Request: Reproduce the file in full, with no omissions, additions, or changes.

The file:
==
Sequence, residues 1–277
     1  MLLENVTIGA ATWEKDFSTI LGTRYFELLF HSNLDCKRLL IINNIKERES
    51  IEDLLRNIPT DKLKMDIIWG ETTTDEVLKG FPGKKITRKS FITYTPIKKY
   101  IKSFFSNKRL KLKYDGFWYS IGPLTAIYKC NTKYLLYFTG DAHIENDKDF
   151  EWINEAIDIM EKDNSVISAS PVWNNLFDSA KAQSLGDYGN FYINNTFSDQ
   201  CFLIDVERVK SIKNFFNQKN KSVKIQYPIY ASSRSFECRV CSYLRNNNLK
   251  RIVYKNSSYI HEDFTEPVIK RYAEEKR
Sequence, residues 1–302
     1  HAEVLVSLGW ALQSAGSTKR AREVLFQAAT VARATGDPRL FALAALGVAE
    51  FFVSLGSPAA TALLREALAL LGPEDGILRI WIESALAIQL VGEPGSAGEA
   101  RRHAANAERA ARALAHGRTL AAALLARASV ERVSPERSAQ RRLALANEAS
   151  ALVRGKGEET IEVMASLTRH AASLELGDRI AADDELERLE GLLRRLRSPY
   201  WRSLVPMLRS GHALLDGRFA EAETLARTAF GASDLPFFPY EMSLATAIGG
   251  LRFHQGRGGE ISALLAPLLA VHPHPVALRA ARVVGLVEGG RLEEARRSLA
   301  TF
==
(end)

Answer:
Sequence, residues 1–277
     1  MLLENVTIGA ATWEKDFSTI LGTRYFELLF HSNLDCKRLL IINNIKERES
    51  IEDLLRNIPT DKLKMDIIWG ETTTDEVLKG FPGKKITRKS FITYTPIKKY
   101  IKSFFSNKRL KLKYDGFWYS IGPLTAIYKC NTKYLLYFTG DAHIENDKDF
   151  EWINEAIDIM EKDNSVISAS PVWNNLFDSA KAQSLGDYGN FYINNTFSDQ
   201  CFLIDVERVK SIKNFFNQKN KSVKIQYPIY ASSRSFECRV CSYLRNNNLK
   251  RIVYKNSSYI HEDFTEPVIK RYAEEKR
Sequence, residues 1–302
     1  HAEVLVSLGW ALQSAGSTKR AREVLFQAAT VARATGDPRL FALAALGVAE
    51  FFVSLGSPAA TALLREALAL LGPEDGILRI WIESALAIQL VGEPGSAGEA
   101  RRHAANAERA ARALAHGRTL AAALLARASV ERVSPERSAQ RRLALANEAS
   151  ALVRGKGEET IEVMASLTRH AASLELGDRI AADDELERLE GLLRRLRSPY
   201  WRSLVPMLRS GHALLDGRFA EAETLARTAF GASDLPFFPY EMSLATAIGG
   251  LRFHQGRGGE ISALLAPLLA VHPHPVALRA ARVVGLVEGG RLEEARRSLA
   301  TF